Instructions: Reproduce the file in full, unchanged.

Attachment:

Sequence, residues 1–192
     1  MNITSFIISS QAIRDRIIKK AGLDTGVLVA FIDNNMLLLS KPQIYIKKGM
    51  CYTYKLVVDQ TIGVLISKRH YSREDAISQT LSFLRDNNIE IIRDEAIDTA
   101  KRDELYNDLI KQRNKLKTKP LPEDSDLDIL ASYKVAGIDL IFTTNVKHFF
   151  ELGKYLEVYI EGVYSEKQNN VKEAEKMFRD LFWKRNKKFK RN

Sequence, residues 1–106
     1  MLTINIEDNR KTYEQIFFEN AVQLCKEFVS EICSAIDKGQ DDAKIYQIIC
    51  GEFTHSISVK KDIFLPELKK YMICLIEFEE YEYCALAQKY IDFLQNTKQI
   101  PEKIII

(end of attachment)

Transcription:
Sequence, residues 1–192
     1  MNITSFIISS QAIRDRIIKK AGLDTGVLVA FIDNNMLLLS KPQIYIKKGM
    51  CYTYKLVVDQ TIGVLISKRH YSREDAISQT LSFLRDNNIE IIRDEAIDTA
   101  KRDELYNDLI KQRNKLKTKP LPEDSDLDIL ASYKVAGIDL IFTTNVKHFF
   151  ELGKYLEVYI EGVYSEKQNN VKEAEKMFRD LFWKRNKKFK RN

Sequence, residues 1–106
     1  MLTINIEDNR KTYEQIFFEN AVQLCKEFVS EICSAIDKGQ DDAKIYQIIC
    51  GEFTHSISVK KDIFLPELKK YMICLIEFEE YEYCALAQKY IDFLQNTKQI
   101  PEKIII